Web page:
My first encounter with Big Data was during my university studio project – part of my course work as Town Planning student in University Technology Malaysia (UTM). Our lecturer will divide the class into 2 teams and we were given an assignment to prepare a regional development plan within 1 semester. We started our assignment by gathering policy, guideline, zoning data from local authority, state agencies, environmental department, irrigation and drainage department, etc. At the end of the assignment, we will present our proposed regional development plan to our fellow course-mates and lecturers and substantiate our proposal with rationale backed by facts and figures.
One of the usual comments given by our lecturers that I still remember is – Our group has gathered loads of data but failed to turn them into information to support our rationale/analysis/proposal”. On hindsight this can be due to many reasons, among others not enough scientific methodology was used to process the data, we were not effective in communicating our findings, or lacked of visual aids to integrate various data sources into useful and easy to understand information for our audiences.
Have you had similar experience in your recent presentation to your bosses/stakeholders?
Hence, challenges associated with big data are not new. It is about how to effectively turn massive amount of data into useful information that will help you make decision, whenever you need it and in format usable for you. Else the data still remain as data and it wouldn’t help you to be more informed.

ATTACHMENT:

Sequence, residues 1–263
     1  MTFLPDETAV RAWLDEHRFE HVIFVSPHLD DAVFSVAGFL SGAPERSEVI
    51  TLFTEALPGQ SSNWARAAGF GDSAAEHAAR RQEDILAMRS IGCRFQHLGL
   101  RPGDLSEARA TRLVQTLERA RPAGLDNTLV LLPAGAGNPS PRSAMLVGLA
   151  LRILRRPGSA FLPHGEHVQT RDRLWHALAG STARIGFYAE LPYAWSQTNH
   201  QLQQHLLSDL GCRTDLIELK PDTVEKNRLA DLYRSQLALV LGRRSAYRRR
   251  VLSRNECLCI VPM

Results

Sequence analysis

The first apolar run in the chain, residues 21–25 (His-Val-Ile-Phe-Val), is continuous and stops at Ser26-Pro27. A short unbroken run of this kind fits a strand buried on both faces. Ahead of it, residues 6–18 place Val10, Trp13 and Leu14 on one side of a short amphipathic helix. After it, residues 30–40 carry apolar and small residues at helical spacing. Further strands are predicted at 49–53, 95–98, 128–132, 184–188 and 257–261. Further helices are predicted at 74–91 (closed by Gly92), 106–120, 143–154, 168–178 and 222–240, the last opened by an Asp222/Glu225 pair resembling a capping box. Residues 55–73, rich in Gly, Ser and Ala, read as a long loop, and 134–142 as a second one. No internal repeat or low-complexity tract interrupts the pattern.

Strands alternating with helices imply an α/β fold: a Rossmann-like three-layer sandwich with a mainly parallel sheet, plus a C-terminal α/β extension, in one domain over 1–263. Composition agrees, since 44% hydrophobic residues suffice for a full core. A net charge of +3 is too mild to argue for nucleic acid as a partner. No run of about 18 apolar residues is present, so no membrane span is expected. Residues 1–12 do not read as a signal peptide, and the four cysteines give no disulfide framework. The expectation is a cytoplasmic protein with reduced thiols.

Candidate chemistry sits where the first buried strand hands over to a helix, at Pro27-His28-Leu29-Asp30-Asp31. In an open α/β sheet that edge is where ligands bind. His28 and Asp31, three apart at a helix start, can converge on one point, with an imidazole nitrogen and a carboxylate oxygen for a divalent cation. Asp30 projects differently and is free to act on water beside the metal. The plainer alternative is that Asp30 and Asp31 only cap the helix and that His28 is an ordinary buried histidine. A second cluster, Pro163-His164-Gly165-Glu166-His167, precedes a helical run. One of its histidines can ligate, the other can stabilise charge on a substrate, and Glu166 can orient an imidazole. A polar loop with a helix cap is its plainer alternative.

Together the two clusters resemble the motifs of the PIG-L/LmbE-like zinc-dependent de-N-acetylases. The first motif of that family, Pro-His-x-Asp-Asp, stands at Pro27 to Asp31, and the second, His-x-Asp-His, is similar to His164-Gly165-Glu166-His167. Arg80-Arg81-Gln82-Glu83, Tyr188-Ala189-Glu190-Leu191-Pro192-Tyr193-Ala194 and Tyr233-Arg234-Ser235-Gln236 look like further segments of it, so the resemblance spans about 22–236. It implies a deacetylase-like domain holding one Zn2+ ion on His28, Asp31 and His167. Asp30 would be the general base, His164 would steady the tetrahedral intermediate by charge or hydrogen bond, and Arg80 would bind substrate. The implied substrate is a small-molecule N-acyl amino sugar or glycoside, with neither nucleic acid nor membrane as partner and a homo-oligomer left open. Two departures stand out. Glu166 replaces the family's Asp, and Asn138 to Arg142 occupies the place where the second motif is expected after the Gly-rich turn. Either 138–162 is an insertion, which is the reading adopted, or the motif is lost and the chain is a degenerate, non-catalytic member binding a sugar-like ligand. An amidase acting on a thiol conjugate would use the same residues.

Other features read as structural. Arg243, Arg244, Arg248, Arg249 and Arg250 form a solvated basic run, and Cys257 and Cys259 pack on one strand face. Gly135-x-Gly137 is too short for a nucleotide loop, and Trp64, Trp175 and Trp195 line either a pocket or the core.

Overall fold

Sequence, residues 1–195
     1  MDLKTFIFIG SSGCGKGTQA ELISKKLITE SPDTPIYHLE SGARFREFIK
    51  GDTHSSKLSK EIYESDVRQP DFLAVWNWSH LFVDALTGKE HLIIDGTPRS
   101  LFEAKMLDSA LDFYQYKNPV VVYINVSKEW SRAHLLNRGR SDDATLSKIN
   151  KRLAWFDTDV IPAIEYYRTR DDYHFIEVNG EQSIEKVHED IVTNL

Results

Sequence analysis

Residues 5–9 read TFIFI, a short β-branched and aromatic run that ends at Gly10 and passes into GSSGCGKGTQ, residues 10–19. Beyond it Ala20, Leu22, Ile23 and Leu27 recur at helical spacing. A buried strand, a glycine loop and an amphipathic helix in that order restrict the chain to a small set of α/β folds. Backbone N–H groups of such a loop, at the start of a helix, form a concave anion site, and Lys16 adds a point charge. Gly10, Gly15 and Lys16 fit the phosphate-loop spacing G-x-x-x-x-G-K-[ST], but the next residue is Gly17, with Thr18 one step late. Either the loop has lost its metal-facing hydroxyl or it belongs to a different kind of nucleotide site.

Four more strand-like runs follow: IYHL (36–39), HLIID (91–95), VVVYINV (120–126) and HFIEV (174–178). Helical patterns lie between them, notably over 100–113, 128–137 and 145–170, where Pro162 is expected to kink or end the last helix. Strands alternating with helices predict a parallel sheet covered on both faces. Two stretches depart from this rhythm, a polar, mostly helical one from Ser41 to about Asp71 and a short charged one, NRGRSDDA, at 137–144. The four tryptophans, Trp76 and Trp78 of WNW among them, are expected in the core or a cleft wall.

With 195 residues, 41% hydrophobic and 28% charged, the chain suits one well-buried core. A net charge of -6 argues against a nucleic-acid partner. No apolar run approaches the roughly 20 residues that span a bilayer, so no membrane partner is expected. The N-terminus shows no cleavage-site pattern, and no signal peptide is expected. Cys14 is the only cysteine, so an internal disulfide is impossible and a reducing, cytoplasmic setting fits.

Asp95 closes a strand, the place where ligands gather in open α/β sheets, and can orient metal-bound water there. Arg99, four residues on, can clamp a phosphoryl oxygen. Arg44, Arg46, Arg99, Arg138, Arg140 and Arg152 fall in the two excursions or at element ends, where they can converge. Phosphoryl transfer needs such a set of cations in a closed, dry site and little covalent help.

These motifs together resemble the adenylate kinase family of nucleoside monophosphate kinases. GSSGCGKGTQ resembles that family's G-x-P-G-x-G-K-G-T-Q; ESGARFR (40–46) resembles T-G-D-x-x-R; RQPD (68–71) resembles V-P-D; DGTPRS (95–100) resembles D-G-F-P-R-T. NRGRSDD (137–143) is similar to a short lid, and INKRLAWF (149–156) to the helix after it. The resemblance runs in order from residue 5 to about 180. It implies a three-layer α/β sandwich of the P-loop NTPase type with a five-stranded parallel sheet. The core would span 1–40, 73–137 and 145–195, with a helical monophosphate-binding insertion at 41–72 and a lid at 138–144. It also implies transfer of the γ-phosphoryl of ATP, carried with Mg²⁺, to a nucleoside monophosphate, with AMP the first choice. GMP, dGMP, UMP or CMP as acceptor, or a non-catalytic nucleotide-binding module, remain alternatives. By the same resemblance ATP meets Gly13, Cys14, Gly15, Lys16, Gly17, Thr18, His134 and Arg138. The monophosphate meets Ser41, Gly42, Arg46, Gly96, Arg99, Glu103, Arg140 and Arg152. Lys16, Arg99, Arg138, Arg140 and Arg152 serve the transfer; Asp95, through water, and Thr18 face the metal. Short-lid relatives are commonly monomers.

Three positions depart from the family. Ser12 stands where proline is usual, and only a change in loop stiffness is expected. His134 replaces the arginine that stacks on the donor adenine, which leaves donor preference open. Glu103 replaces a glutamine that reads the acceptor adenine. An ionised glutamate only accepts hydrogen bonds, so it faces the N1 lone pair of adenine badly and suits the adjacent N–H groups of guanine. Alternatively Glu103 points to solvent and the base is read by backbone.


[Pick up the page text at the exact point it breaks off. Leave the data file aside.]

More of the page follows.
Richard Leadbeater, Esri State Government Industry Manager once wrote “Big Data: The Three Vs and the Missing L“ – there is much attention applied to the three Vs of big data – Volume, Velocity and Variety of data. GIS provides the foundation for information integration by assembling massive amounts of data – often, types of data that are unrelated except for their geographic Location. He opines GIS map provides better understanding and reference than an informative spread sheet.
Nearer to home, Datuk Prof. Sr Dr. Abdul Kadir Bin Taib (Director General of Department of Survey and Mapping Malaysia, JUPEM) once said this in his conference speech, he was appealing to all attended to not just manage geospatial data, but manage all our data geospatially. According to him, managing our data geospatially will allow us to be more informed and our data is more accessible in the form of useful information, where and when we need it, that will help enhance our understanding by leveraging on the location analytic capability of GIS technology.
Indeed, location analytic helps many enterprises to take advantage of this processed information to next level and reveal greater insights and understandings. GIS is the most important element of location analytics. It enables users to turn data into information and add in 2D/3D location dimension, as well as 4th dimension (time) to produce useful insights/pattern (distribution), co-relations, hidden in between rows and rows of textual/database records. If a picture can tell a thousand words, how will you describe an informative/interactive/analytic map that can generate endless scenarios and analysis supporting your decision-making?
Location analytic is not just meant for business community but any organizations that would like to drive performances or Key Performance Indicators (KPI), be it in utilities, public sectors, education, finance/insurance, transportation, retail, etc. To read more about location analytics, I have uploaded a good white paper from Esri explaining Location Analytics for Business Intelligence in my blog Library.